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History Dictates that a Two-Quarterback System Doesn’t Work in the NFL: A New York Jets Fan’s View
History dictates that the two-quarterback system is not a winning recipe for success in the NFL.
In the rare instances in NFL history where a two-quarterback system was implemented, it has almost never worked out in a positive way for the teams that tried it.
But with the New York Jets' recent signing of Tim Tebow, it appears that the team will give it a whirl by featuring at least two different identities on offense in 2012. In all likelihood, Tebow will be used in short yardage situations on third-down conversion plays, and Sanchez will handle the bulk of the passing duties on first and second downs.
Here's a look back at how the rest of the two-quarterback systems in NFL history fared:
There are a few different circumstances where a two-quarterback system may be used, and one of the most famous is the "reliever" system where an ineffective starter is replaced late in a game.
In 1981, Don Strock led the Miami Dolphins back from a 24-0 third quarter deficit during a 1981 playoff game against the San Diego Chargers, after Dolphins starter David Woodley proved to be ineffective.
In one of the greatest "relief" appearances in NFL history, Strock threw for over 400 yards and added four passing touchdowns to send the game into overtime. Strock frequently relieved Woodley in the 1981 and '82 seasons, leading many to call the tandem "WoodStrock."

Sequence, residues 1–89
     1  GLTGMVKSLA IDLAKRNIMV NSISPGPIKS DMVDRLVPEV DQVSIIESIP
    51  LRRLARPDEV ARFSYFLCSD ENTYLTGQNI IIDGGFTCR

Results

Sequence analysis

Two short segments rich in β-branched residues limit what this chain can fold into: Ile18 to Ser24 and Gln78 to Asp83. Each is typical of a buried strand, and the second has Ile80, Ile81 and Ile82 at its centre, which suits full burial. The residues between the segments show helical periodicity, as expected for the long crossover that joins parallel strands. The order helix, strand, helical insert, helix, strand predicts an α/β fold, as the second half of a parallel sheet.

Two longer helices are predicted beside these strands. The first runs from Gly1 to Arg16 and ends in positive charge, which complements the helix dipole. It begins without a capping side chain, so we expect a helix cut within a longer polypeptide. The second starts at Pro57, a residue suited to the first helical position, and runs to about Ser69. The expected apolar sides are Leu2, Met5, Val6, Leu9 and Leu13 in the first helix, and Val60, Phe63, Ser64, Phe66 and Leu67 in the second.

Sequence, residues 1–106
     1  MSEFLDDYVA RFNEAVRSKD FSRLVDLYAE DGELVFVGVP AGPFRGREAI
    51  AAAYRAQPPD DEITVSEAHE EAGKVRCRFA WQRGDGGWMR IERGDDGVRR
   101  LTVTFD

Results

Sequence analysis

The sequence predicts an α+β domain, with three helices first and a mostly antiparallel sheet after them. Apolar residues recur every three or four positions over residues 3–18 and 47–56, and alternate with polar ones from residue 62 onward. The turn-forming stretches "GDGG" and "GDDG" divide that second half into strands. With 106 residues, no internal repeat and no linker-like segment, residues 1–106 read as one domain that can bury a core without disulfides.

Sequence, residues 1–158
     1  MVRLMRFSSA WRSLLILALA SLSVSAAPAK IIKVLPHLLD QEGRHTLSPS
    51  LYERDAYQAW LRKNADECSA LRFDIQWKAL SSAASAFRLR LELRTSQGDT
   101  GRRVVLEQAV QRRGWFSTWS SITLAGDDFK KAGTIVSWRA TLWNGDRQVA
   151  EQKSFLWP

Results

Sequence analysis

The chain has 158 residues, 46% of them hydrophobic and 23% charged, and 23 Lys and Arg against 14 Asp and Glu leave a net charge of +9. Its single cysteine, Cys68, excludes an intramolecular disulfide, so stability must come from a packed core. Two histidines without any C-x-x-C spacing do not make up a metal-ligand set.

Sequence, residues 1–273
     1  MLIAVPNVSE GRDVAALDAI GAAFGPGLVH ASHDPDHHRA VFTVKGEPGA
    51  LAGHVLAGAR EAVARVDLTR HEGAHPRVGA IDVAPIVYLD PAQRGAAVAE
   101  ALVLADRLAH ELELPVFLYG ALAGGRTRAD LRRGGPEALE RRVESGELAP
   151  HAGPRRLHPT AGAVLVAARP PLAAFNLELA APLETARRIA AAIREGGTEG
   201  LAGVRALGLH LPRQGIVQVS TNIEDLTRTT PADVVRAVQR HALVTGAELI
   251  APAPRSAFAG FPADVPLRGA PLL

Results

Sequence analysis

Neil O'Donnell - Kordell Stewart
While Kordell Stewart faded away down the stretch of his NFL career, he was a jack of all trades in his rookie season with the Pittsburgh Steelers.
He was fifth on the team in rushing, ninth in receiving, fourth in passing yardage, and one of the most exciting young players in the game at the time. Stewart was a quarterback, wide receiver, running back, punter and anything else that was asked of him that season.
He earned the nickname "Slash" for his exciting running plays that left opposing defenses utterly confused.
According to a 1996 New York Times report, "two of his plays in the fourth quarter [of a 1996 playoff contest against the Buffalo Bills] helped propel the Steelers to the American Football Conference championship game. The Steelers were clinging to a 26-21 lead with the Bills surging. After Neil O'Donnell kept a drive alive with a pass to Ernie Mills, Stewart took over at quarterback. Stewart handed off to Morris for 3 yards then carried left on the option for 5 more. O'Donnell re-entered the game, completed a pass for 17 yards, then handed off to Bam Morris, who scored on a 13-yard run. Game over."
That game was one of the few examples in NFL history where a two-quarterback system resulted in great success.
Roger Staubach - Craig Morton
Craig Morton was Tom Landry's quarterback in Super Bowl V for the Dallas Cowboys, but a losing effort in the game pushed Staubach into the national spotlight and the favor of Texas football fans.
The following season, Landry was so torn between the two quarterbacks that he started rotating the men on every play.
Staubach would eventually take over the Cowboys' starting job after leading the team to a Super Bowl victory in Jan. of 1972, while Morton would go on to play for the Denver Broncos and New York Giants after losing the starting quarterback role in Dallas.
George Blanda - Daryle LaMonica
Blanda was another legendary quarterback "reliever," having played in the NFL in four different decades as a kicker and quarterback.
"George Blanda will always be remembered as a legend of our game," NFL Commissioner Roger Goodell said in a statement following Blanda's death in 2010, "including his amazing career longevity of 26 seasons in four different decades. George's multi-talented flair for the dramatic highlighted the excitement of pro football during an important period of growth for our sport."
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